When the value of *κ* vanishes, the marginal curve is almost the same as the one previously obtained for the Taconis oscillations (Sugimoto & Yoshida 2007). The temperature ratio takes the minimum 7.83(4) at *σ*=1.98 for *ζ*_{0}=0.465, which is very slightly lower than the previous value 7.84. This lower value results from no account of the boundary layer on the end wall in the present case.

For *κ*=0, the marginal curve consists of right and left branches with respect to this minimum. As the value of *κ* becomes large, it is found that the temperature ratio for instability becomes low and that the left branch does not go upward so that the unstable region spreads leftward. This is different from the marginal curves obtained by Rott & Zouzoulas (1976), where the left branches always exist. A reason for this difference might be attributed to the use of the boundary-layer approximation because it tends to break down towards a smaller value of the horizontal axis. In view of the facts, however, that the left branches exist while the value of *κ* is small, and that a large cavity lowers a frequency significantly, we would not be led immediately to the above conclusion, but no definite reasons would be known.

The marginal curve obtained is not the only solution to equation (3.50). This is the lowest branch of solutions, but there are other branches. We examine solutions of the second branch. Figure 9 shows graphs of the imaginary part *σ*_{i} of the angular frequency against its real part *σ*_{r} for several temperature ratios *T*_{L}/*T*_{0} (=2, 3, 4, 5 and 10) in two cases with *κ*=1 and *κ*=0.2, represented by the solid and broken curves, respectively. These curves are sought by starting from a frequency on the horizontal axis equal to a second smallest neutral frequency (higher than those shown in figure 4 and not drawn) where |*b*| vanishes, and by increasing the magnitude of *ζ*_{0} successively.

Each curve ends on the horizontal axis at a lower frequency. This frequency is given by *λ*/2 where |*b*| diverges with *ψ**b*→*π*. Of course, the result for such a large value has no physical significance. But since the imaginary part is always positive for any value of *b*, no instability occurs for the second branch of the antisymmetric mode. While |*b*|≪1 near the upper frequency, each curve presents a damping rate *σ*_{i} as well as an angular frequency *σ*_{r} shifted down from one of the neutral oscillations when the thermoviscous effects come into play.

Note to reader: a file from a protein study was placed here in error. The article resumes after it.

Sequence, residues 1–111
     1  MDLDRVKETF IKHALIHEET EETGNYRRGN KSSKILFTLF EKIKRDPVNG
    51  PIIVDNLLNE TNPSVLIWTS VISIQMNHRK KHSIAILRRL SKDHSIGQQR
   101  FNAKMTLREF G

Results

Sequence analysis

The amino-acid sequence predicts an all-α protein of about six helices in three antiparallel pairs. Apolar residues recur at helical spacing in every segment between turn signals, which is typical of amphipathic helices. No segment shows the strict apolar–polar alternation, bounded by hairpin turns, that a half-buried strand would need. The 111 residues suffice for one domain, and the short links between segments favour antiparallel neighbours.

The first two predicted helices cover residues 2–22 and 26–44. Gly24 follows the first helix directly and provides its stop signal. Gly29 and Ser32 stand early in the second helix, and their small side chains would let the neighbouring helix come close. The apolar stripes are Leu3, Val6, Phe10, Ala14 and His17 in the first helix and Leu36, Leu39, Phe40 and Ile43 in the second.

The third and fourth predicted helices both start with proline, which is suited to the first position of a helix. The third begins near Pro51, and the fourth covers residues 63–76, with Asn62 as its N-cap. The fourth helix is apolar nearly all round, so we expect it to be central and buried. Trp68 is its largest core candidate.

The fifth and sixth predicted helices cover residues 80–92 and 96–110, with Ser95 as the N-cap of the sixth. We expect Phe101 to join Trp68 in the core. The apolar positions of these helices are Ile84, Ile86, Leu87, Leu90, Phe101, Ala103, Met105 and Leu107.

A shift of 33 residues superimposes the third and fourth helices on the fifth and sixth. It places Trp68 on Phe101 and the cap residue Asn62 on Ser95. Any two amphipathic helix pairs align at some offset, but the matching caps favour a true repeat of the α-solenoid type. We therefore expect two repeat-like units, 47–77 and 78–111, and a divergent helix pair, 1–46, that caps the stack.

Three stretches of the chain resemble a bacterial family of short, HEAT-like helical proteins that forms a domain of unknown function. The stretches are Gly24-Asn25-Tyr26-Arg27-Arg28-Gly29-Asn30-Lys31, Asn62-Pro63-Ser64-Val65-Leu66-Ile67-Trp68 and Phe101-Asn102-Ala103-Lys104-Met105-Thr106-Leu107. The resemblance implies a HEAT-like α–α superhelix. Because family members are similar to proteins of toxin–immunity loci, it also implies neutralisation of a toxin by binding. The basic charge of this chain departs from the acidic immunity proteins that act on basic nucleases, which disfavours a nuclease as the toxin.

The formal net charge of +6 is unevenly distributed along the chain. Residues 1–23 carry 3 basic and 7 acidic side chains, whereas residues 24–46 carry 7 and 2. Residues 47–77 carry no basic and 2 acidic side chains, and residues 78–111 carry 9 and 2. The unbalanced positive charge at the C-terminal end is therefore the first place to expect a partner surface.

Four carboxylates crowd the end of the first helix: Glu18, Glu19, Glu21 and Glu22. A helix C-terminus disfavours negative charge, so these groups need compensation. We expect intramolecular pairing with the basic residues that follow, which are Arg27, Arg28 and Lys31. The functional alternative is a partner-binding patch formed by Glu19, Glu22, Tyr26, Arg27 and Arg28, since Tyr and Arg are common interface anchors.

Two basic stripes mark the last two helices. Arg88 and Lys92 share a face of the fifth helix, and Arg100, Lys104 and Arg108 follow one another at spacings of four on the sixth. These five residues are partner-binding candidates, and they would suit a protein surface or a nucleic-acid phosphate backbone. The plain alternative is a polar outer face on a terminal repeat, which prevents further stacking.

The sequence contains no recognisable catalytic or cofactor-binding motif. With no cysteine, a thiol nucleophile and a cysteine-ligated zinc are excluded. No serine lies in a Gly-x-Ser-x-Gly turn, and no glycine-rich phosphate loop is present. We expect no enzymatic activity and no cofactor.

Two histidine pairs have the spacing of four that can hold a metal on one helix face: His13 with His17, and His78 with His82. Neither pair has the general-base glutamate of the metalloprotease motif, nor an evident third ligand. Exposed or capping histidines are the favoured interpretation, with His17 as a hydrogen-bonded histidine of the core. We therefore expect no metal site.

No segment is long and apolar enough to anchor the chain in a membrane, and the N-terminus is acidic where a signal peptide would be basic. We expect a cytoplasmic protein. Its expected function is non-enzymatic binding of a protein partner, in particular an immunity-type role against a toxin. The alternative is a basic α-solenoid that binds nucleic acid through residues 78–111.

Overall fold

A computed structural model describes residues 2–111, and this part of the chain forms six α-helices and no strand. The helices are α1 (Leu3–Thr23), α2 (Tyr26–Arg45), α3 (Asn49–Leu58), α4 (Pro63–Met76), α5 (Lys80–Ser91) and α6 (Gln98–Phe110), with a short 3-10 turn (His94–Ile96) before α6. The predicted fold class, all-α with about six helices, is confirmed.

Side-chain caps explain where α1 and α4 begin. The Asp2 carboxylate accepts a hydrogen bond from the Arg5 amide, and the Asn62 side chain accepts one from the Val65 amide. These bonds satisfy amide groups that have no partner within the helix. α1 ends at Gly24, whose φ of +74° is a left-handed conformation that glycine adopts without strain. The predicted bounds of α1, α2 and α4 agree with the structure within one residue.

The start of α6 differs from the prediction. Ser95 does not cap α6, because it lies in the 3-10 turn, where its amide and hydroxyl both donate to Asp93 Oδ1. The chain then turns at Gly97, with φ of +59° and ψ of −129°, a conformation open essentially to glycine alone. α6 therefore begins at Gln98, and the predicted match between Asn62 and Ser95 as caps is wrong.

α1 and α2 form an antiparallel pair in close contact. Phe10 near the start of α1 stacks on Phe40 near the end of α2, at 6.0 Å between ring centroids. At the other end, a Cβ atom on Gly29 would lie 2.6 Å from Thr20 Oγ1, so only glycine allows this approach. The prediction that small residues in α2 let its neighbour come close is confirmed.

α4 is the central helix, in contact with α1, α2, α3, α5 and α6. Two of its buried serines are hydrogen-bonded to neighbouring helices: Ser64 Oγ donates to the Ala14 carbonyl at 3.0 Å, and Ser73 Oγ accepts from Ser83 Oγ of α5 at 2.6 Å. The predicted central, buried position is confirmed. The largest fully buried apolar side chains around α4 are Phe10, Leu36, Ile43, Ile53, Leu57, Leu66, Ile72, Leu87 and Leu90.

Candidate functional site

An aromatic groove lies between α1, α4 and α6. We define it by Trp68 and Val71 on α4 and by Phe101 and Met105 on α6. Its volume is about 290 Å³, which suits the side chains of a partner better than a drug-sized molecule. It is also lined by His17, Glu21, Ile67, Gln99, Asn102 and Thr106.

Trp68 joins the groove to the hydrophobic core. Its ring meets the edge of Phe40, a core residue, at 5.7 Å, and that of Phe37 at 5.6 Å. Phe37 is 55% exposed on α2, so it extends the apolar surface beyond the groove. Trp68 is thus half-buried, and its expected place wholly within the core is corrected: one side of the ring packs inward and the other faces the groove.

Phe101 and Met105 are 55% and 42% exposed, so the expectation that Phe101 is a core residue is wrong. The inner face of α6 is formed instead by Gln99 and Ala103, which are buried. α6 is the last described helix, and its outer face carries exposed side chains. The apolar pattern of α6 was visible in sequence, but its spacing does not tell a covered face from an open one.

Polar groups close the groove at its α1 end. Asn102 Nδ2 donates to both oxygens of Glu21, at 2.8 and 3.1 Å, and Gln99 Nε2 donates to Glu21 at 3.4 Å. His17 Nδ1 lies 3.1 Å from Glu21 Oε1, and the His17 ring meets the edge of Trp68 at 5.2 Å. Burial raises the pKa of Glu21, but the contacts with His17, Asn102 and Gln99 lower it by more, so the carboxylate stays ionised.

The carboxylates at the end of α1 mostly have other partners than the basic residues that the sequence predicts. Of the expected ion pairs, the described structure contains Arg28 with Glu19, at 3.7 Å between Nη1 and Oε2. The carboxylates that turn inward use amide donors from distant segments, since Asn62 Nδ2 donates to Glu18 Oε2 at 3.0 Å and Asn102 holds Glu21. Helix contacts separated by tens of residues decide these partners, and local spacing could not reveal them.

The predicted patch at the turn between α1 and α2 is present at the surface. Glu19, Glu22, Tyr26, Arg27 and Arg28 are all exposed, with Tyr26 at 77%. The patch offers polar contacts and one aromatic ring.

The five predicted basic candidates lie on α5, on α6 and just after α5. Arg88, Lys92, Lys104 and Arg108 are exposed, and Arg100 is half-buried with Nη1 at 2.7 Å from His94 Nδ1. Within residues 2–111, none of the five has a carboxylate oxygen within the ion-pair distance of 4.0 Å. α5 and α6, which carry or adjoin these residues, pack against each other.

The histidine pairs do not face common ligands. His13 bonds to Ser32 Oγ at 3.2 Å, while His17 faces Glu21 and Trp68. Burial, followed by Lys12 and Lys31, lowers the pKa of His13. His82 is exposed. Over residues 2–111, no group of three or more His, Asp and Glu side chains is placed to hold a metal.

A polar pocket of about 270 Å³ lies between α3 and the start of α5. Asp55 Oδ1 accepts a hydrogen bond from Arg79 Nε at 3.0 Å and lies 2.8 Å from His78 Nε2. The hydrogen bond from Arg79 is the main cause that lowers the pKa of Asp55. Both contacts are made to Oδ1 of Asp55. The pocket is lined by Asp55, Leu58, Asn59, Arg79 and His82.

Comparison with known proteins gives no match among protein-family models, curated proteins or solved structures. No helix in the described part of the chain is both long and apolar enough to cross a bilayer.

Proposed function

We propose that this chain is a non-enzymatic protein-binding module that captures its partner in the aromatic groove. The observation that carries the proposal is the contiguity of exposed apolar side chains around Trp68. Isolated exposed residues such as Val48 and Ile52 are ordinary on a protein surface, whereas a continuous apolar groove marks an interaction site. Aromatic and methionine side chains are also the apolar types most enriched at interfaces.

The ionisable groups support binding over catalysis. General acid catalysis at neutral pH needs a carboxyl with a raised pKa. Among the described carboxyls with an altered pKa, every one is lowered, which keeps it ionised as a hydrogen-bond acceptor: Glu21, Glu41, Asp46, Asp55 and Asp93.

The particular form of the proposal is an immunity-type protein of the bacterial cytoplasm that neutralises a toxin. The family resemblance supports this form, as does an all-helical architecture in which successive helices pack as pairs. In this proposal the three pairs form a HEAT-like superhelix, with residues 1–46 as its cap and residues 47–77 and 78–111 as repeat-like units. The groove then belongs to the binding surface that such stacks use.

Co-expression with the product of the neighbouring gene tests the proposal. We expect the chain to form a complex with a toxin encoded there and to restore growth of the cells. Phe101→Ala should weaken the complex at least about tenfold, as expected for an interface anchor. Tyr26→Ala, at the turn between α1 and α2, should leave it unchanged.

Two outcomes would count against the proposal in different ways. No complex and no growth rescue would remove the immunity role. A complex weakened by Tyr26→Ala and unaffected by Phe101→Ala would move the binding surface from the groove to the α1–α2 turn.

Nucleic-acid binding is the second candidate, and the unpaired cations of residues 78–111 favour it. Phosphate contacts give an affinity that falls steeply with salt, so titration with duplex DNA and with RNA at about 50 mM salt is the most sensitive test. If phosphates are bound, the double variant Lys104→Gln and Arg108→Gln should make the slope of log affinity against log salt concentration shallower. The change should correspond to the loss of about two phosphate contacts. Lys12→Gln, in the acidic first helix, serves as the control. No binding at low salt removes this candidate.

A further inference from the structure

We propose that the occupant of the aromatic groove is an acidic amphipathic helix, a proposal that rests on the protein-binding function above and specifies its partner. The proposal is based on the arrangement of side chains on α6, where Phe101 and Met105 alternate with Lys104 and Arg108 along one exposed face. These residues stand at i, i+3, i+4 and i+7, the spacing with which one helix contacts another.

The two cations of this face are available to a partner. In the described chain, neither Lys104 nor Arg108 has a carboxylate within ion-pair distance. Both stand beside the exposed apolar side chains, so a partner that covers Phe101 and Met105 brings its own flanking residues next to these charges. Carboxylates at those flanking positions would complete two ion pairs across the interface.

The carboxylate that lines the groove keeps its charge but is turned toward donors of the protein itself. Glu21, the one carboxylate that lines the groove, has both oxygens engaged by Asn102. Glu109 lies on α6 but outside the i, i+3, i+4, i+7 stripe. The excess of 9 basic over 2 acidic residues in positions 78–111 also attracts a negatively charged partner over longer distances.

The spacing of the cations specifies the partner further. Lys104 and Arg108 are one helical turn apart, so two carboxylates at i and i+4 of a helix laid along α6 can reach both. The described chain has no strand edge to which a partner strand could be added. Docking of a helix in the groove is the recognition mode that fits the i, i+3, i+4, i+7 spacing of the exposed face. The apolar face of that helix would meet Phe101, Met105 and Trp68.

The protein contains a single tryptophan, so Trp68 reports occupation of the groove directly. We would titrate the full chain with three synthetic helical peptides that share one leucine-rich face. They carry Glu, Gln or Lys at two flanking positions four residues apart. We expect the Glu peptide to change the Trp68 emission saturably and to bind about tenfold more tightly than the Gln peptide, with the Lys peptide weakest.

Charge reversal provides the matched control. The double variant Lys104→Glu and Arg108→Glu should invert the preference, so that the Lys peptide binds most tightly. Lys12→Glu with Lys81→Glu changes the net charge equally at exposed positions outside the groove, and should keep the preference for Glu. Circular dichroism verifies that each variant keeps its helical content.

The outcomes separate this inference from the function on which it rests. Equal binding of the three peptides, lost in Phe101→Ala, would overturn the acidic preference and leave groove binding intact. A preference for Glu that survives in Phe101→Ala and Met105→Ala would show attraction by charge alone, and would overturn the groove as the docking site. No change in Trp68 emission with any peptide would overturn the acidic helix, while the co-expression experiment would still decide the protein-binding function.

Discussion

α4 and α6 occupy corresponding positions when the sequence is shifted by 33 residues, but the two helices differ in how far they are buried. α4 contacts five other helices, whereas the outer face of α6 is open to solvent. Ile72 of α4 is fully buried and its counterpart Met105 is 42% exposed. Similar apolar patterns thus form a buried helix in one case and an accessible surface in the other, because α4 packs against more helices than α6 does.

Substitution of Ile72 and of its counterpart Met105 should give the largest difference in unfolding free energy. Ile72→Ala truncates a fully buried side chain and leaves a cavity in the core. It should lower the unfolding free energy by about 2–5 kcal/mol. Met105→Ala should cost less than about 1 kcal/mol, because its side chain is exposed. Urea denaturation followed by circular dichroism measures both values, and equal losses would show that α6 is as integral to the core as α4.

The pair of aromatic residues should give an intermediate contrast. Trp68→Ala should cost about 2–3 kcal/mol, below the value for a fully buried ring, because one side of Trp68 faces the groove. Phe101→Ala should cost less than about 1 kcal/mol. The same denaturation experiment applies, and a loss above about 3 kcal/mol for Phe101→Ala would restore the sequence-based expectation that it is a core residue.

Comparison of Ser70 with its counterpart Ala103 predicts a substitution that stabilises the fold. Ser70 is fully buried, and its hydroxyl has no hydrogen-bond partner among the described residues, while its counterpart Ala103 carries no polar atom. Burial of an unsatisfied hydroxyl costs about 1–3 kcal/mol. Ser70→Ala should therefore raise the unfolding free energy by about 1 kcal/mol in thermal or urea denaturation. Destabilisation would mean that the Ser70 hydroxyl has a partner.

Next, we examine a case of the symmetric mode. Proceeding in a similar way to that demonstrated for the antisymmetric mode, equation (3.54) is rewritten in the same form as equation (4.5) with *W* given by . Expanding the right-hand side with respect to *b*, it follows that
4.10
where
4.11
Thus it follows from the balance of the terms proportional to *b* that
4.12
If *C*_{b} is positive, i.e. *C*<2, then is positive so that there are no real solutions of *σ* to equation (4.12). This implies no lossless limit. In case *C*_{b} is negative, however, there still remains a possibility of existence of the lossless limit.

Although no existence of the marginal curve is suggested, we now check complex solutions to equation (3.54). The procedure is the same as the one used in seeking the complex solutions shown in figure 9. In figure 10, graphs of *σ*_{i} are drawn against *σ*_{r} for several temperature ratios *T*_{L}/*T*_{0} (=2, 3, 4, 5 and 10) and for the case with *κ*=1. For one ratio of *T*_{L}/*T*_{0}, solid and broken curves represent, respectively, the lowest and second branches of the solutions. Each curve meets the horizontal axis at two points. The upper frequency corresponds to the frequency of neutral oscillations of the symmetric mode. The lower frequency is also given by *λ*/2 with *ζ*_{0} diverging but *ψ**b*→*π* and 2*π*, respectively, for the lowest and second branches. For the symmetric mode, hence, no instability occurs in the case with *κ*=1. This holds for the other values of *κ*.